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SAF looks forward with cautious optimism

The Society of American Florists is looking forward to 2018 with cautious optimism. Anecdotally, we know from a roundtable discussion during the fall board of directors meeting that many businesses were having a stable to a very strong year.

An SAF Economic Outlook survey supports this — conducted in July among SAF members at the end of the second quarter, about half were optimistic about 2017 sales and another 14 percent were very optimistic. Couple that with the early December reports that consumer confidence is at its highest level in 17 years, while unemployment is at its lowest for the same time period, and there’s plenty to suggest that 2018 could be a strong year.

KATE-PENNKate PennNone of this takes into account the storms and fires of the last several months that have left a path of destruction in parts of Texas, Florida and California — their impact will no doubt linger well into 2018 for industry members in those markets.

But there are opportunities out there for businesses well positioned to take advantage of them. Product quality has never been better, thanks to years of research that has led to better varieties, growing practices and postharvest care. Consequently, long-lasting flowers and plants are more of the rule than the exception —and marketers who can’t at the very least provide that will get left behind.

Demand for locally grown flowers continues to increase, as does demand for specialty flowers, and the use of foliage and greens at weddings has increased significantly. SAF-commissioned research shows that millennials have a strong appreciation for flowers — and we’re seeing more and more retailers figure out how to target that market.

Freight out of South America is becoming more expensive and less reliable, and the problem was only exacerbated by the hurricanes — many predict this isn’t a passing challenge but a permanent reality of the industry, the “new normal.” Buyers will have to plan ahead in order to adjust to this —even more so if buying product sent via sea container, which is being used by more and more distributors.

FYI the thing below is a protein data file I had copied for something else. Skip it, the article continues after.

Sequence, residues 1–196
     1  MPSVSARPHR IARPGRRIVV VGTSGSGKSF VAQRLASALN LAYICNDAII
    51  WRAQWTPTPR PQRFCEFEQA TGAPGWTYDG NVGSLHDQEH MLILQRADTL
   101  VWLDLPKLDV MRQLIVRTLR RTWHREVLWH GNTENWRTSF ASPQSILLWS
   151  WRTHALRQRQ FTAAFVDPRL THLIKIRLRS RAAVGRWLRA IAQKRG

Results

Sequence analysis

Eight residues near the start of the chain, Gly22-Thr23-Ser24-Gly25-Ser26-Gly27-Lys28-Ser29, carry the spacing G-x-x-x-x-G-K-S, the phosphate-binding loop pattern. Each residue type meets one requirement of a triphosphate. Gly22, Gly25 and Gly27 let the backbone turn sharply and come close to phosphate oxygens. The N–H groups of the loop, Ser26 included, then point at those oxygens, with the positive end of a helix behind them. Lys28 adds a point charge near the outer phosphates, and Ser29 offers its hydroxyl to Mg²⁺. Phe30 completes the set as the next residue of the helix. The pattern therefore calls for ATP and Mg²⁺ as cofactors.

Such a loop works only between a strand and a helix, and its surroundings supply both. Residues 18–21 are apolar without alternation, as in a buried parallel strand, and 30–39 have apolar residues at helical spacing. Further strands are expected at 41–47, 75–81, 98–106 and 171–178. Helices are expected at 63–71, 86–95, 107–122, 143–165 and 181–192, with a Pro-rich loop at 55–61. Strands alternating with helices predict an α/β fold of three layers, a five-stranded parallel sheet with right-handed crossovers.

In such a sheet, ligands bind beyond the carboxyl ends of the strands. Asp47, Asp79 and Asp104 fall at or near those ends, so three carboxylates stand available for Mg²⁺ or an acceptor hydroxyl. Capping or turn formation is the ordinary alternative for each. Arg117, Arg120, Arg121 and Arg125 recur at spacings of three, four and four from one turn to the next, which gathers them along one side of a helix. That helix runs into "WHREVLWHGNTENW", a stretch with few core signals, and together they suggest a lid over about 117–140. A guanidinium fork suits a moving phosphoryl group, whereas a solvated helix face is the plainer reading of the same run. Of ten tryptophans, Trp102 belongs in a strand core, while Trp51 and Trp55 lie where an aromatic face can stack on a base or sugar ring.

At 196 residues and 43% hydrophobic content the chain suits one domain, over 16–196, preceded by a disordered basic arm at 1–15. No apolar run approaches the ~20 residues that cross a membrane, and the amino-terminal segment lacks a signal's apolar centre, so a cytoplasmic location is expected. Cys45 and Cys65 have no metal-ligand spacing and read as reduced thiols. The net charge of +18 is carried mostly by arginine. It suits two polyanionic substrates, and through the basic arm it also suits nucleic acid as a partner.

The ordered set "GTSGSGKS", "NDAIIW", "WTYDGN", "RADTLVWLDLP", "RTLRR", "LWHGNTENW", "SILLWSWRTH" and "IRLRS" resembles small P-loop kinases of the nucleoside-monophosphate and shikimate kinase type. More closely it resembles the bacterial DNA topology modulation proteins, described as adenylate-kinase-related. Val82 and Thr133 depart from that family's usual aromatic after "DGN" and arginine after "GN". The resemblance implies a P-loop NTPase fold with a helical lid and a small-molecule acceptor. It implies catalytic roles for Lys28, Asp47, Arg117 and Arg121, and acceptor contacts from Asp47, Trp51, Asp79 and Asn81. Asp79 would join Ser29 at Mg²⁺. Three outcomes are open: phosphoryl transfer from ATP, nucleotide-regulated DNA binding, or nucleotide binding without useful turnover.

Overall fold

This certainly opens up an opportunity for domestic growers, but they have plenty of challenges: labor is a primary challenge, due to increased minimum wages and a decreasing pool of experienced workers. Larger growers are responding with automation, to replace a workforce that simply isn’t there.

On the retail side, online purchasing is where SAF retailers are seeing the strongest gains — this is good news for retailers well positioned to capture the mobile consumers; those who are not will be playing catch-up.

Driving in-store traffic is a bigger challenge and requires a great deal of investment and ingenuity, but research indicates that millennials will flock to an “experience” — retailers who figure out how to provide that experience will come out ahead. Providing access to a DIY experience will give retailers an edge.

Outstanding customer service continues to be important to today’s buyer. More than ever, savvy retailers are figuring out how to leverage technology to streamline back-end operations — buying, inventory, logistics, marketing — so they can put more time into developing a relationship, a connection, between the customer and their brand.

For SAF’s part, we plan to help the industry leverage that technology and stay ahead of trends, and continue to build on the successful programs and services our members rely on to grow and to be profitable. We’ll continue to advocate for important issues like immigration reform and research funding, provide networking opportunities to bring the industry’s buyers and suppliers together, and develop consumer promotions such as the Petal It Forward initiative that get consumers thinking about flowers not only at holidays but year-round.

Kate Penn is the executive vice president and chief executive officer at the Society of American Florists. She can be contacted at